The evidence would appear to support that idea. Since women's issues — Sandra Fluke, pre-abortion ultrasounds, aspirin between the knees — hijacked the GOP primary, Obama has enjoyed a growing gap over Romney.
An NBC News/Marist poll on Monday gave Obama a 25-point lead over Romney among women overall. A Quinnipiac poll also put Obama over Romney among women in three other swing states: Ohio, Pennsylvania and Florida. In a USA Today/Gallup survey of 12 swing states, Obama has rebounded from winning less than half of women under 50 in February, to getting 60 percent of them and leading Romney by 18 points among women generally.
That might be why Romney's wife, Ann, is emerging on the campaign scene. South Carolina Gov. Nikki Haley, who has endorsed Romney, told ABC News in an interview shown yesterday that "the more he puts Ann Romney out there, the more people will understand that he has a very strong woman at his side."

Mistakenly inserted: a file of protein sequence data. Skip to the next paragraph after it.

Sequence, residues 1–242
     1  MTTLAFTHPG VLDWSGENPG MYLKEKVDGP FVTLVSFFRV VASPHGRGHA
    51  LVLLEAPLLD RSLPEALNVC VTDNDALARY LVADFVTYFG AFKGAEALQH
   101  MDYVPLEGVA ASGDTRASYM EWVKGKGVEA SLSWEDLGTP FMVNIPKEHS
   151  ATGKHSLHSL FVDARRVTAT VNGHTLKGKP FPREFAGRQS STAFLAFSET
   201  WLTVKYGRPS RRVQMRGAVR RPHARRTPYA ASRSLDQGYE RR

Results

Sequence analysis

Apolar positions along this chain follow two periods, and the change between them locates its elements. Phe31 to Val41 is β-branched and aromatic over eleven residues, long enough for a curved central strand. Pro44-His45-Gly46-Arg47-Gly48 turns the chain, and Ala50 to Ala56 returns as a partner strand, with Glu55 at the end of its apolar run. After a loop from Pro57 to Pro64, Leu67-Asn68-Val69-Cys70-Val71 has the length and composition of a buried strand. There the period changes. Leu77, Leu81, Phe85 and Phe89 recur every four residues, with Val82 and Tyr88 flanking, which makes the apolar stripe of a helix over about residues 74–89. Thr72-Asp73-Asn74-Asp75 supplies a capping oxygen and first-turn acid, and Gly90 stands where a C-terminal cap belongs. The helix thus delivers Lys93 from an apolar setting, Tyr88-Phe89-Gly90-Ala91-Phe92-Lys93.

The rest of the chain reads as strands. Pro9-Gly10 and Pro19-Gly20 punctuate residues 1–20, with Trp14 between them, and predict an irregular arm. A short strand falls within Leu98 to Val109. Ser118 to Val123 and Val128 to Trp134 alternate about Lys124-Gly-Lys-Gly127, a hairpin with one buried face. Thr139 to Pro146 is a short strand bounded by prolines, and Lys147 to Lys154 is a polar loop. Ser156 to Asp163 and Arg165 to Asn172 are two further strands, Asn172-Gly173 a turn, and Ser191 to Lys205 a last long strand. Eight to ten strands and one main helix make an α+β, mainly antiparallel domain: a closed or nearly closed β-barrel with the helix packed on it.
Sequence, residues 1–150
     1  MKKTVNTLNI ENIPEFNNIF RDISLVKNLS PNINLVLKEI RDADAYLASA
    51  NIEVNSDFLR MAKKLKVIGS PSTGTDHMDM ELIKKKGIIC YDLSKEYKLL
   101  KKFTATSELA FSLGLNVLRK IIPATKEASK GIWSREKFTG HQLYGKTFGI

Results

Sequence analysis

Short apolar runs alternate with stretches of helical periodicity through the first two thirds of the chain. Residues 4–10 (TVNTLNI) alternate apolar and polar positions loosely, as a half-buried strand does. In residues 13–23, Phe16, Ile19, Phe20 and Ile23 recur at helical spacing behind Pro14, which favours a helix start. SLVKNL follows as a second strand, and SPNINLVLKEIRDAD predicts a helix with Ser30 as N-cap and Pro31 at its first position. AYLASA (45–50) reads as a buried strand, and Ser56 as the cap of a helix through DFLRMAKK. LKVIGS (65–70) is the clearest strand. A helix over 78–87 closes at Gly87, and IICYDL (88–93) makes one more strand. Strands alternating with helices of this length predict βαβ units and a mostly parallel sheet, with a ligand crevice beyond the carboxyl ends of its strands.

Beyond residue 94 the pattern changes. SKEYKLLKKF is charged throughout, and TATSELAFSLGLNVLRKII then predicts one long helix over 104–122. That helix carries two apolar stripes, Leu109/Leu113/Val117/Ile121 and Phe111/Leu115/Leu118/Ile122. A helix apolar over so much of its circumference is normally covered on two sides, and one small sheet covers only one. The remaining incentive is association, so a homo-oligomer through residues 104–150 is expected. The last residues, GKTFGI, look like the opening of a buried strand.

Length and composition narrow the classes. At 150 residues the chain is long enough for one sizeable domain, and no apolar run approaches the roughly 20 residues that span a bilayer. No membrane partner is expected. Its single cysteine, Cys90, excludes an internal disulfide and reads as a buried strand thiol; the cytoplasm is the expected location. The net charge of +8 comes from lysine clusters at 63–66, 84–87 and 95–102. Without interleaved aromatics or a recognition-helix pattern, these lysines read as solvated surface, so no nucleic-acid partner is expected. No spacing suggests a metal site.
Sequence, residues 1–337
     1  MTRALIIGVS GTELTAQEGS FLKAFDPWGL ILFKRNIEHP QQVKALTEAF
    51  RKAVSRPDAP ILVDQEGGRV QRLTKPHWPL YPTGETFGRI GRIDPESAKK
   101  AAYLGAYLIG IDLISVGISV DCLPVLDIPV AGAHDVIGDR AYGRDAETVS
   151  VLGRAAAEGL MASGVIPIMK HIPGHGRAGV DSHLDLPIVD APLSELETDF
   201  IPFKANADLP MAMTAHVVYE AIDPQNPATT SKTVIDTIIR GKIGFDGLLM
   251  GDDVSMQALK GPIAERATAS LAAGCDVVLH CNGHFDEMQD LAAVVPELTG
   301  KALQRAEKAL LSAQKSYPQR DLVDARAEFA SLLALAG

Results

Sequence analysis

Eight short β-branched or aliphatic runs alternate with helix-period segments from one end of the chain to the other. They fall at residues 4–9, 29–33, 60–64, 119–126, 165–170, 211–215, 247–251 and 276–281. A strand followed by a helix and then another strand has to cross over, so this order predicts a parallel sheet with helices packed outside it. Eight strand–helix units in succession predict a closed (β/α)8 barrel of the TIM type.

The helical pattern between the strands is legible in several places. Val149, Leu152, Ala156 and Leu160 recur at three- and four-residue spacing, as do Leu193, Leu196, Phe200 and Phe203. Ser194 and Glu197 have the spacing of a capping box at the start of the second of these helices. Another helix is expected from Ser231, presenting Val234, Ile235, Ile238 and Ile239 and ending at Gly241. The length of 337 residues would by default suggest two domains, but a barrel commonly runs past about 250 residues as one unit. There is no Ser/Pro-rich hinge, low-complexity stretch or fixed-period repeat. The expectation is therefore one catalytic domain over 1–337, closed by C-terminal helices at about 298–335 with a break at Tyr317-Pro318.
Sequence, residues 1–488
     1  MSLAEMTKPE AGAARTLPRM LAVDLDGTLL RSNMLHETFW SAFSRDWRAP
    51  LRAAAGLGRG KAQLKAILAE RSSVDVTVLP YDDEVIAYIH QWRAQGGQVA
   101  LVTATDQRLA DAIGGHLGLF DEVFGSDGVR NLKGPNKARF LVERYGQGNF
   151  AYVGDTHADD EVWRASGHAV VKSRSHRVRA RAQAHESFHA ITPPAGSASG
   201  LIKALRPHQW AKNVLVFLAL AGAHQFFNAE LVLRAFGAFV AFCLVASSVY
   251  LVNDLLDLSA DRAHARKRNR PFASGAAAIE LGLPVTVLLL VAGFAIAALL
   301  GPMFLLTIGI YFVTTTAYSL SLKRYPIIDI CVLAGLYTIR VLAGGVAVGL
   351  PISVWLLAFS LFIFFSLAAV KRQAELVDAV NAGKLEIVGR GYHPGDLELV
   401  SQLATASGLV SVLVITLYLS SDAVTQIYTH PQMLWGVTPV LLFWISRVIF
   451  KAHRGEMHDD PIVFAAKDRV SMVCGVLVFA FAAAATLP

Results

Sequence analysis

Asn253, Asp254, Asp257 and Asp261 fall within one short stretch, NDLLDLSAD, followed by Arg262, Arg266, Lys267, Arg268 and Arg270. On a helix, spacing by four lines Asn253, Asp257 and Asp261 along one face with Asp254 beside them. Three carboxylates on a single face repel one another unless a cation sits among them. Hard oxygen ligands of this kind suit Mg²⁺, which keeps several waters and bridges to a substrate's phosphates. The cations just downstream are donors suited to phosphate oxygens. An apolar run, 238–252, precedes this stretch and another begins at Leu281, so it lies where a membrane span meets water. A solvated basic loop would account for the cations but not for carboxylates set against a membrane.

The power of the first lady — or in Romney's case, a possible future first lady — is the ability to connect with married women particularly, either as mothers or as women who have experienced the same struggles, ones that men can't relate to as easily.
"I think that there is an openness to the conversation, because there is this notion that women intuitively get their lives in a way that potentially male candidates don't," Gardner said.